Lamar in hopes of repeating last year’s stunner

Published 2:22 pm Friday, September 16, 2016

BEAUMONT — Sam Houston State has not played a game since beating Division II Oklahoma Panhandle State 59-21 two weeks ago.

Lamar has been beaten up by Coastal Carolina at home and at the University of Houston. Whether that’s a bad omen for the Cardinals going up against the No. 3 team in the Football Championship Subdivision, SHSU coach K.C. Keeler only hopes so.

“We have to get a jump on Lamar and make them think: ‘We’ve already come off two hard games,’” Keeler said. “’Here comes the third.”’

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Keeler and the Bearkats (1-0) might face their own bad omen Saturday night.

They were ranked third this time last year when Lamar visited them. Running back Kade Harrington turned in a breakout game, rushing for 230 yards and two touchdowns and catching two passes for 83 yards and another score in a 49-46 upset victory.

Like last season, SHSU came off a bye week to play Lamar. Keeler learned from that experience.

“I really took some time to evaluate,” said the third-year Bearkats coach, who won a national title with Delaware in 2003. “It’s really unusual to have a bye week earlier this year. We just didn’t do enough real football early that bye week.”

The loss didn’t hinder the Bearkats’ playoff chances. They marched all the way to their fourth NCAA Division I semifinal in five years, falling to eventual runner-up Jacksonville (Ala.) State.
Saturday, the Cards (0-2) come in with a struggling offense.

Lamar’s passing game has averaged 106 yards an outing, causing Woodard to reopen his starting quarterback race between senior Carson Earp and junior transfer Austin Allen. Earp has struggled in accuracy (14 of 31 for 168 yards with two interceptions in two starts), while Allen completed 6 of 9 passes for 44 yards against Houston.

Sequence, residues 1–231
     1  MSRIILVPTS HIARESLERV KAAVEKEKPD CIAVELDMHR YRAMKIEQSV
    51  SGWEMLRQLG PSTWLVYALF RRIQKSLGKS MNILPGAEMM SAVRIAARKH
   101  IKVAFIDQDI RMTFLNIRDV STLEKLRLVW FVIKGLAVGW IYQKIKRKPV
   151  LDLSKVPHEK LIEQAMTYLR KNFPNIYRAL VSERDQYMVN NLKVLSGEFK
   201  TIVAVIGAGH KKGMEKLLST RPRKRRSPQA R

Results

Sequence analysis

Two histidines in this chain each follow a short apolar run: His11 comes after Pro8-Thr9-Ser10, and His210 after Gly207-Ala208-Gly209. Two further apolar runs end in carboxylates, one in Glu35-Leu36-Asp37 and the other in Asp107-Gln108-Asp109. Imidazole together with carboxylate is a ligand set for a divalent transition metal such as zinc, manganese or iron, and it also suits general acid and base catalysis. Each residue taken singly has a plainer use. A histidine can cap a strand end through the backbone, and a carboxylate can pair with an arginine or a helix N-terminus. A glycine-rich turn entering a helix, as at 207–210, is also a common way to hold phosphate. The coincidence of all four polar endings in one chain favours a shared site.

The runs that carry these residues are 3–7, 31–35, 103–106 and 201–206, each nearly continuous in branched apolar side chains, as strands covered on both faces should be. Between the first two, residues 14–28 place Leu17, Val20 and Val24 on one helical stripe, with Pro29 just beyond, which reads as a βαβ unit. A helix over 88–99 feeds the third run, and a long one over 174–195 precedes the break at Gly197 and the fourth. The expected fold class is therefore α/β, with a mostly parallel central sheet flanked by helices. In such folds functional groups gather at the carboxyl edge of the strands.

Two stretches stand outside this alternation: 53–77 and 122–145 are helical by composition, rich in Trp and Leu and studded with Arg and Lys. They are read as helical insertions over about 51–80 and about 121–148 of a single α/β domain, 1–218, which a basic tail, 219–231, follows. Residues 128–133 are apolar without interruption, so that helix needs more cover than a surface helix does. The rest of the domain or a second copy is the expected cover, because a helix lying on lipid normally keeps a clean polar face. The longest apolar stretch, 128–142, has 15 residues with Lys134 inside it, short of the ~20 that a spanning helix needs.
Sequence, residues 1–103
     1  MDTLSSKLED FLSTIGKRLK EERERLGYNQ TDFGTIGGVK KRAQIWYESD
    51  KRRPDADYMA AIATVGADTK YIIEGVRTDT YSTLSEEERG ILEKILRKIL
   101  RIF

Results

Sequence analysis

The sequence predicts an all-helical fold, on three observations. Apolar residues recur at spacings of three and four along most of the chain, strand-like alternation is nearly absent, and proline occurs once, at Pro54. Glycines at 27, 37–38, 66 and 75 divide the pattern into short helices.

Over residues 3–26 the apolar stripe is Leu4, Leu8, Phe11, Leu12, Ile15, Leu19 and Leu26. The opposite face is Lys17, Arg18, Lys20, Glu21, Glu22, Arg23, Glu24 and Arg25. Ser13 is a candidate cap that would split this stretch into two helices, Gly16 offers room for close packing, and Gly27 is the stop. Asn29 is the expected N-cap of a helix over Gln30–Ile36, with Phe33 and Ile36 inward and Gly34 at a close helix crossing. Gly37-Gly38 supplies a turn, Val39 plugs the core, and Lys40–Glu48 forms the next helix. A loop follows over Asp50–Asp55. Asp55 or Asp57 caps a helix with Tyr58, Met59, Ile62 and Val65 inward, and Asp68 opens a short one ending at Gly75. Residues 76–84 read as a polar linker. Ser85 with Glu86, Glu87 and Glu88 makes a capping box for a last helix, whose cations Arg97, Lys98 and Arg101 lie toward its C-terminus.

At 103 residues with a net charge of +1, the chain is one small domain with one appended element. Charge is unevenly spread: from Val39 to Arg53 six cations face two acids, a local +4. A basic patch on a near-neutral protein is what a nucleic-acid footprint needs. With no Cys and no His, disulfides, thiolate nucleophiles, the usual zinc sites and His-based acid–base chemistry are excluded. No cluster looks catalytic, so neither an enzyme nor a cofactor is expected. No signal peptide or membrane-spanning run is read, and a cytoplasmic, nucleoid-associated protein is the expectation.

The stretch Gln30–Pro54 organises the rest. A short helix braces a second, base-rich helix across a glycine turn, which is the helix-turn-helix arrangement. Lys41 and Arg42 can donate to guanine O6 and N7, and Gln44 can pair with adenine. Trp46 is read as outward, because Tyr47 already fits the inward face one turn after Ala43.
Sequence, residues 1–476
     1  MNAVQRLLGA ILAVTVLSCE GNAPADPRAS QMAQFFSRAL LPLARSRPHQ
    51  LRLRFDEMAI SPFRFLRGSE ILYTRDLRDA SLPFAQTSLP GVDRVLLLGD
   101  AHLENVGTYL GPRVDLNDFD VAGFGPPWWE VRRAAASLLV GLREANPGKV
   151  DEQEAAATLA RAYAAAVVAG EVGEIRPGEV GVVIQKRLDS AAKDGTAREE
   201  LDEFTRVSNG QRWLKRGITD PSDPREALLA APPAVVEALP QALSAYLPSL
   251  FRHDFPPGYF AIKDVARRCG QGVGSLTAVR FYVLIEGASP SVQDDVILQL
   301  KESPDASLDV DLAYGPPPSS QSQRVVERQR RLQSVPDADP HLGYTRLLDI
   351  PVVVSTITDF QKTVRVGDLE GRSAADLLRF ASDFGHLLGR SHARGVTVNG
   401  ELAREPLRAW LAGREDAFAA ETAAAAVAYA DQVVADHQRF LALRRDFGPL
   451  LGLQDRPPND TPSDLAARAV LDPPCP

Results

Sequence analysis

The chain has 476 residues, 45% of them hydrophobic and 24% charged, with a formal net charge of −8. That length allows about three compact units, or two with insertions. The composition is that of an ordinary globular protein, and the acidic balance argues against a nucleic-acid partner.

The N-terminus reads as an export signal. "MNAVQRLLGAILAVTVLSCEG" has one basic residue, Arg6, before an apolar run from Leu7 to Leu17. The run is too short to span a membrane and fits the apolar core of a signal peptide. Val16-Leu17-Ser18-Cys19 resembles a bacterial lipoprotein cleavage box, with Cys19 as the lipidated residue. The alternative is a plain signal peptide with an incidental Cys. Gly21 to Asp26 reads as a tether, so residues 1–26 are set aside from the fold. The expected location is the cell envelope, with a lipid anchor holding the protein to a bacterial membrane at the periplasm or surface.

Keeler’s defensive goal is to make Lamar beat SHSU in the passing game.

“We’re going to have to be two-dimensional offensively,” Woodard said. “I think they’ll have an understanding of how good Kade could be and what they need to do to focus on that.”

Harrington, an All-American, is coming off one of his worst games in recent memory — albeit against sixth-ranked UH — contained for 23 yards on 15 totes.

Overall, the Cardinals have totaled 232 yards per game on offense, about half of what they’ve allowed opponents. They totaled 240 in the first half against Coastal Carolina before things went south.

“I know they want to show that: ‘Hey, we’re that team that first half against Coastal Carolina,’” Keeler said.

Each team should have an All-American on the field at the same time. Junior defensive end P.J. Hall of SHSU was named to five All-America lists the past two years.
Hall is second all-time in Bearkats’ history in sacks with 23, but did not collect one against Panhandle State.

Meaning of ‘Blasé’
Woodard was asked about the Cardinals’ play-calling against Houston when a reporter suggested the plays were ‘blasé’. The 55-year-old coach wasn’t sure what the term meant and asked another reporter to define it.
“We got a little generic against Houston, mainly due to the fact that we were trying to stay away from negative plays,” he said. “We did get conservative. I wouldn’t say we were … say that again?”
“Blasé,” the asking reporter responded.
“I wouldn’t say that,” Woodard continued. “We did get conservative, not because we went into that game with that idea, but because we were trying to stay away from negative plays.”

Tonight’s honorees
Prior to kickoff, members of the 1965 and 1966 Southland Conference championship Cardinals will celebrate the latter’s 50th anniversary. A special presentation will be made.
Lamar will recognize recently retired baseball coach Jim Gilligan, swimmer Lynnie Alfred Terry and former men’s tennis coach Ron Wesbrooks as the latest inductees of the Cardinals Hall of Honor at halftime. The actual induction ceremony is at 2 p.m. Saturday at the University Reception Center of the Mary and John Gray Library.

I.C. Murrell: 721-2435. Twitter: @ICMurrellPANews

About I.C. Murrell

I.C. Murrell was promoted to editor of The News, effective Oct. 14, 2019. He previously served as sports editor since August 2015 and has won or shared eight first-place awards from state newspaper associations and corporations. He was born in Memphis, Tennessee, grew up mostly in Pine Bluff, Arkansas, and graduated from the University of Arkansas at Monticello.

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